Fanz Xavier of Saxony, French Revolution, Louis François II of Conti, Louis XV of France and Navarre, Louis XVI of France, Marie Antoinette of Austria, Marie Leszczyńska, Pope Pious VI, Princess Marie Adélaïde de Bourbon of France
Princess Marie Adélaïde de Bourbon of France (March 23, 1732 – February 27, 1800).
Marie Adélaïde was born on March 23, 1737 in France as the sixth child and fourth daughter of King Louis XV of France and his wife, Marie Leszczyńska. She was named after her paternal grandmother, Marie Adélaïde, Dauphine of France, and was raised at the Palace of Versailles with her older sisters, Madame Louise Elisabeth, Madame Henriette, and Madame Marie Louise, along with her brother Louis, Dauphin of France.
Marie Adélaïde was a fille de France. She was referred to as Madame Quatrième (“Madame the Fourth”) until the death of her older sister Marie Louise in 1733, and then as Madame Troisième (“Madame the Third”); as Madame Adélaïde from 1737 to 1755; as Madame from 1755 to 1759; and then as Madame Adélaïde again from 1759 until her death.
Marie Adélaïde was never married. In the late 1740s, when she had reached the age when princesses were typically married, there were no potential Catholic consorts of desired status available, and she preferred to remain unmarried rather than marry someone below the status of a monarch or an heir to a throne.
Marriage prospects suggested to her were liaisons with the Louis François II, Prince of Conti and Prince Franz Xavier of Saxony, neither of whom had the status of being a monarch or an heir to a throne. In her teens, Marie Adélaïde fell in love with a member of the Lifeguard after having observed him perform his duties; she sent him her snuffbox with the message, “You will treasure this, soon you shall be informed from whose hand it comes.”
The guardsman informed his captain Duc d’Ayen, who in turn informed the king, who recognized the handwriting as his daughter’s, and granted the guard an annual pension of four thousand under the express condition that he should “at once remove to some place far from the Court and remain there for a very long time”.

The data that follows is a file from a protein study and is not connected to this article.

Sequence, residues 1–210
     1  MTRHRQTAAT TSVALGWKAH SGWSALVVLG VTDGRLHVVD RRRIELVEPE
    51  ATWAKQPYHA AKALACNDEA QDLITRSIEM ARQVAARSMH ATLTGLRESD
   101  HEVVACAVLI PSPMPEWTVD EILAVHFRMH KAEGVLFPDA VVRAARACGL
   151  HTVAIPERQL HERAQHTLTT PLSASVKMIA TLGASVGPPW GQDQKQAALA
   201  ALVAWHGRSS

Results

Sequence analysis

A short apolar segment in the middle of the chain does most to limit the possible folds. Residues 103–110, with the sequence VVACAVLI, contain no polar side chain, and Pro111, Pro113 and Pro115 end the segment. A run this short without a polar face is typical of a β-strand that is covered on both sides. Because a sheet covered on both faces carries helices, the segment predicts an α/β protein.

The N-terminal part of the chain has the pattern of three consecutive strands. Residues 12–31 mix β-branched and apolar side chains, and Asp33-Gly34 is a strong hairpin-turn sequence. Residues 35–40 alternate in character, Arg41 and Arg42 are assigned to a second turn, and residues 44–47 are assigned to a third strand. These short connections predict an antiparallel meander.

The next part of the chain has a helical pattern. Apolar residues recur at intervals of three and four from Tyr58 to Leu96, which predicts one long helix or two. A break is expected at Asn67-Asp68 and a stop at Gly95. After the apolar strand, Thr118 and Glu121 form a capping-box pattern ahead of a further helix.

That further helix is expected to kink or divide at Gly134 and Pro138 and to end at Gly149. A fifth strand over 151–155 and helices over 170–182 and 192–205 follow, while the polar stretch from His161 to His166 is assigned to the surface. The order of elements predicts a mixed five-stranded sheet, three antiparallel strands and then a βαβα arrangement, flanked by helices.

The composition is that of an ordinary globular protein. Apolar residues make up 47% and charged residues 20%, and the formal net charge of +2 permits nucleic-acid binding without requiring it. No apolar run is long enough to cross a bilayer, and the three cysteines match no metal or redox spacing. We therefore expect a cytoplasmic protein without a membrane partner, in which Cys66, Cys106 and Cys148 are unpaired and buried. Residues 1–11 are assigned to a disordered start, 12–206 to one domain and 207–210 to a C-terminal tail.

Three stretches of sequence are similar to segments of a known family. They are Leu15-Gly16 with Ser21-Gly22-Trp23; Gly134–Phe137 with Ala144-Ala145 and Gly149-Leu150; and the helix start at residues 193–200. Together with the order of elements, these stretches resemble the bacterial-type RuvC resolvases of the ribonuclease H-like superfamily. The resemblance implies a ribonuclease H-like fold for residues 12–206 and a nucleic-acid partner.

In 1761, long after she passed the age when 18th-century princesses usually wed, she was reportedly suggested to marry the newly widowed King Carlos III of Spain. However, after she had seen his portrait, she refused, a rejection which was said to be the reason why King Carlos III never remarried.
Marie Adélaïde was described as an intelligent beauty; her appearance an ephemeral, “striking and disturbing beauty of the Bourbon type characterized by elegance”, with “large dark eyes at once passionate and soft”, and her personality as extremely haughty, with a dominant and ambitious character with a strong will, who came to dominate her younger siblings: “Madame Adélaïde had more mind than Madame Victoire; but she was altogether deficient in that kindness which alone creates affection for the great, abrupt manners, a harsh voice, and a short way of speaking, rendering her more than imposing. She carried the idea of the prerogative of rank to a high pitch.
From April 1774, Madame Adélaïde and her sisters attended to their father Louis XV on his deathbed until his death from smallpox on May 10. Despite the fact that the sisters never had the disease and the male members of the royal family, as well as the Dauphine, were kept away because of the high risk of catching the illness, the Mesdames were allowed to attend to him until his death, being female and therefore of no political importance because of the Salic Law even if they died. After the death of Louis XV, he was succeeded by his grandson Louis-Auguste as Louis XVI, who referred to his aunts as Mesdames Tantes.